Embroidered samplers: virtual special exhibit

As a medium of communication for such themes as contraception, pregnancy tests, abortions and other aspects of women’s freedom to make decisions, handicrafts are, in fact, not at all suitable. On the contrary: no other cultural technique more powerfully communicates the classic role model of the good girl who keeps busy working on her dowry, thereby proving she will make a worthy wife and mother. The traditional motifs, spiralling blossoms, ornaments and monograms, are passed down from one generation to the next, from grandmothers to mothers to granddaughters.

US artist Katrina Majkut breaks with this classically feminine connotation in her cross-stitch works. Rather than leaves and flowers, lambs and clouds, she embroiders condoms and packages of birth-control pills, IUDs and pregnancy tests. The results are disturbing and revealing.


Selection of works from Katrina Majkut, “In Control”, chashama 266 gallery, New York, June 2015:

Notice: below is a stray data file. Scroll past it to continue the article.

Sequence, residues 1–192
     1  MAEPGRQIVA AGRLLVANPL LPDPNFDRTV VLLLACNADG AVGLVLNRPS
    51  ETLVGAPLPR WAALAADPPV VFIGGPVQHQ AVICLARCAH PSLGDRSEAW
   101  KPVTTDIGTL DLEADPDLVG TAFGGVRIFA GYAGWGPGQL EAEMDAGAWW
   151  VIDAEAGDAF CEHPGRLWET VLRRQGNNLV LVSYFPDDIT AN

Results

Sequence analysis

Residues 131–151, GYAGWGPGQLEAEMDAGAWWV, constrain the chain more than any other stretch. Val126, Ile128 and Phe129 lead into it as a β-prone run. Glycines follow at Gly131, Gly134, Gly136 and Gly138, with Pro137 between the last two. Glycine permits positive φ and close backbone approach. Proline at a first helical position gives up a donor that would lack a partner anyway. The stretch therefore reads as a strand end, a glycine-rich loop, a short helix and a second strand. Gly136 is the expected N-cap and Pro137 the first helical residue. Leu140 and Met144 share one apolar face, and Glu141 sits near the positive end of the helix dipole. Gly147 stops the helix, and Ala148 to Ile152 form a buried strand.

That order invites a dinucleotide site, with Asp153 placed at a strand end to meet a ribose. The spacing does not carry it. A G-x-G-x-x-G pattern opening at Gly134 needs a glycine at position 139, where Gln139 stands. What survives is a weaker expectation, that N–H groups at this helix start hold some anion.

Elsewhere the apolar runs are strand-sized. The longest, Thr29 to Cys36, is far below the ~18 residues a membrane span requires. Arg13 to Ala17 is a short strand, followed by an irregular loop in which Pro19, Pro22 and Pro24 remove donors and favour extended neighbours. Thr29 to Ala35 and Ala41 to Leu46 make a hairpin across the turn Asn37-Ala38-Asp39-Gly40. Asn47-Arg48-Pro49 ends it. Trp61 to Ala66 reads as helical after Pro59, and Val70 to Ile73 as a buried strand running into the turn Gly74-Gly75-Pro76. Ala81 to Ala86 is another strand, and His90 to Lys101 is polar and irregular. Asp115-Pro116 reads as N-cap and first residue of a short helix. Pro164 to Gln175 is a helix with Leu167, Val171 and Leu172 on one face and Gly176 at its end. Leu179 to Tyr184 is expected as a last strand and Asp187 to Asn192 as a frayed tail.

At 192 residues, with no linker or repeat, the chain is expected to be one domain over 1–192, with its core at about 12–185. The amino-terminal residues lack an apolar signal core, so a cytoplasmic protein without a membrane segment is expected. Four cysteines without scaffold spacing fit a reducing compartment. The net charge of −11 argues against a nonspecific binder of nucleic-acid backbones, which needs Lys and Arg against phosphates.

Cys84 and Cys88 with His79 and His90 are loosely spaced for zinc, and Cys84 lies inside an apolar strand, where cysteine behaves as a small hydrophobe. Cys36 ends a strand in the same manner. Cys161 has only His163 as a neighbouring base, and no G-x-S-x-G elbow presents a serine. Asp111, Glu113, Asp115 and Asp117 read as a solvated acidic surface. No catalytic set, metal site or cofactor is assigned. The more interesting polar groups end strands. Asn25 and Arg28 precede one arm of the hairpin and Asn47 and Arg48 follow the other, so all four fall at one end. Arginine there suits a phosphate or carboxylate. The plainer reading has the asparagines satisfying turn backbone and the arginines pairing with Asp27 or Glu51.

Embroidery was also part of her own socialisation: at the age of ten, her mother taught her the family tradition of Ukrainian folk art. Twenty years later, Majkut realised that, while she was happy to pass on a beautiful, pleasant and satisfying cultural technique, this also perpetuated a traditional understanding of women’s roles.

After Majkut’s political and sociological awakening, she recognised more and more clearly how the traditional clichés of marriage and a woman’s life are diametrically opposed to our modern views. One example: while US handicraft companies sell embroidery packages with nostalgic, romantic motifs to their industrious female customers, the country’s Supreme Court ruled to give a chain of stores, Hobby Lobby, greater influence over what its insurance plan pays for than the employers themselves enjoy. The company’s founders, Barbara and David Green – Baptists from Oklahoma – argued that financing their employees’ family planning conflicts with their religious beliefs. Among other things, this involves the morning-after pill and IUDs. This decision was handed down in June 2014 by five male judges who overruled three females and one male.

Majkut reacted to this and a number of similar developments with a ‘woman’s weapons’, namely embroidery that takes a stand. Her oversize embroidered objects reflect the traditional expectations society places on women back upon society. Her pieces were exhibited at New York’s chashama 266 gallery in June 2015.